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Surface preparation and painting of airplane skin
The NESHAP regulations required Boeing to change all components of the paint systems (solvent, primer, topcoat, and application techniques). They also specified that any cleaning solvents used before painting must have a vapor pressure below 45 mm Hg. As a result, in conjunction with the new high-solids primers and topcoats required, Boeing began using NESHAP-compliant solvents that are less aggressive than the solvents used with conventional paint systems (such as blends of methyl ethyl ketone [MEK] and toluene).

Surface preparation for painting begins with using an alkaline cleaner to remove the green temporary protective coating from the airplane skin. The airplane then is wiped with solvent and abraded. To meet NESHAP regulations, Boeing switched from the fast, strong, and effective 100 percent MEK solvent to a slower evaporating solvent blend of methyl propyl ketone and MEK.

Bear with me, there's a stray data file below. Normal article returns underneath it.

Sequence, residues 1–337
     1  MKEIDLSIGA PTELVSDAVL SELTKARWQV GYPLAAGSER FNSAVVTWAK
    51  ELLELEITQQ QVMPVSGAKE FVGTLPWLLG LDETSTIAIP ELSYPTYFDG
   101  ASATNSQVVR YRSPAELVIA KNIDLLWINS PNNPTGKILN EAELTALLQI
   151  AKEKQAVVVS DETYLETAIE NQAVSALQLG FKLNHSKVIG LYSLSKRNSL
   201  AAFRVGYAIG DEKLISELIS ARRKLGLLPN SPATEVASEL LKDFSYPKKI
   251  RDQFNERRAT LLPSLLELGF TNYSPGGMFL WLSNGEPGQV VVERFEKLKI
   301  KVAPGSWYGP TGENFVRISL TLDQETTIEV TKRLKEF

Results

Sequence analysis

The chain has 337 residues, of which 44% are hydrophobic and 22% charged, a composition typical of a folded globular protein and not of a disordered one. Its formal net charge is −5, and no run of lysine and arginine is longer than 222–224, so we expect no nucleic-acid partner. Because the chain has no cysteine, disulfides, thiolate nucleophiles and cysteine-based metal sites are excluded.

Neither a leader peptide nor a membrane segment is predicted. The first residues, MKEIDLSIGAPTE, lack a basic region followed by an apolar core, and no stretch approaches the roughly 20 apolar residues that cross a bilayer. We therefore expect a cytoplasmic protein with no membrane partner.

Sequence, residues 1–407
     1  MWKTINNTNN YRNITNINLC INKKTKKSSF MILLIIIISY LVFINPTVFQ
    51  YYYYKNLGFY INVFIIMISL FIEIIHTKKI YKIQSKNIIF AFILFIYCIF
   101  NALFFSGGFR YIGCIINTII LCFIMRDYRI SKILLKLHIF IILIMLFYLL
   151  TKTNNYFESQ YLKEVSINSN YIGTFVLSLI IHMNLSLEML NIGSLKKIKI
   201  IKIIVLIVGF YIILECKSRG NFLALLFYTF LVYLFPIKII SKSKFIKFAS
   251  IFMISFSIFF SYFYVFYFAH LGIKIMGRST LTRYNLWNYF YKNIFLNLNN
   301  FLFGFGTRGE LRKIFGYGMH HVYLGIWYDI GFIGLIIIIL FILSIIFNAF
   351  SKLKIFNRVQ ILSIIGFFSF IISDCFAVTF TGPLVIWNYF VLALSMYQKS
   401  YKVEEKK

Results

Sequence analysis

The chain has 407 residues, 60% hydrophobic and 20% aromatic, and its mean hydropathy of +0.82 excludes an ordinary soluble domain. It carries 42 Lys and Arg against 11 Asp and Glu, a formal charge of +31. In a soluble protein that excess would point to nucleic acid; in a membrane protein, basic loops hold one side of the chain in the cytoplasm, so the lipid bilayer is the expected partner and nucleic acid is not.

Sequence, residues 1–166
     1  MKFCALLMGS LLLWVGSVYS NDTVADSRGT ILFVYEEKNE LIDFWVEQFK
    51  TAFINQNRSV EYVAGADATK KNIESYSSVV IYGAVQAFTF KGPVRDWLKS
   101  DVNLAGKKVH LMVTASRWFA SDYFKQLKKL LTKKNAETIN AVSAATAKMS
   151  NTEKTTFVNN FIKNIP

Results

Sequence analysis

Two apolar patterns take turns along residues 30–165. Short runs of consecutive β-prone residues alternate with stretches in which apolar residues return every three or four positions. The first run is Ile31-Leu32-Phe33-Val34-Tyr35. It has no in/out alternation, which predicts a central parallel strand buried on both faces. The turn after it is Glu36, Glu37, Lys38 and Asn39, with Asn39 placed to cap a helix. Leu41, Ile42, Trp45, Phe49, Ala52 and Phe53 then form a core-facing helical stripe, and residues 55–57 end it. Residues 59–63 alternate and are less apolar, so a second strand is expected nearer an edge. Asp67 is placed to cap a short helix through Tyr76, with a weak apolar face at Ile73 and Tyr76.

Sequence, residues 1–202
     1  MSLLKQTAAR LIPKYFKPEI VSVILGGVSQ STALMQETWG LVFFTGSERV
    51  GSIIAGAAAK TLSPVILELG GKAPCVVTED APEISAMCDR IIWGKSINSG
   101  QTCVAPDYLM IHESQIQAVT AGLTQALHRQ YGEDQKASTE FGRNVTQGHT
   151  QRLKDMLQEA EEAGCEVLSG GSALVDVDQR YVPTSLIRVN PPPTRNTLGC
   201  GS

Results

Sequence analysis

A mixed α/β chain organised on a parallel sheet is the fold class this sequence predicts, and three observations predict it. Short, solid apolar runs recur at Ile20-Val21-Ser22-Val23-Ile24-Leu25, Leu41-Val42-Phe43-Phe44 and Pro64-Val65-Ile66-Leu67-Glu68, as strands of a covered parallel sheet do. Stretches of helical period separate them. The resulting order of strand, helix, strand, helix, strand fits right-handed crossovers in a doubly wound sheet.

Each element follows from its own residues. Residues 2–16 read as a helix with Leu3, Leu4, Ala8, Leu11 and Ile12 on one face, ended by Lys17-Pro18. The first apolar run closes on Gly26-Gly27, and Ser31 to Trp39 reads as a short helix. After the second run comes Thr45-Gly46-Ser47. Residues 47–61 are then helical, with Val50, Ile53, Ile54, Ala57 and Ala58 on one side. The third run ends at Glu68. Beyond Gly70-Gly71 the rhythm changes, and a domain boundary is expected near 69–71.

Boeing also found an alternative to abrading in the form of a recently developed acid cleaner called Chemidize.

Water then is sprayed over the airplane surface to clean it. Premature breaks in the water film are a result of contamination. This is similar to the sheeting action of water on a clean glass. Breaks in the water indicate that the glass is dirty.

After the surface is free of water breaks, the airplane is ready for the three-step finish system: conversion coating, primer, and topcoat. The chromated conversion coating, alodine 1000, allows the primer to adhere to the oxide that is created on the airplane skin during conversion. Adhesion occurs when the alodine reacts with the aluminum oxide and converts it into a mixed chromate-aluminum oxide, which provides good adhesion for the primer. After the excess alodine is rinsed off and the airplane is dried, it is ready for primer and topcoat.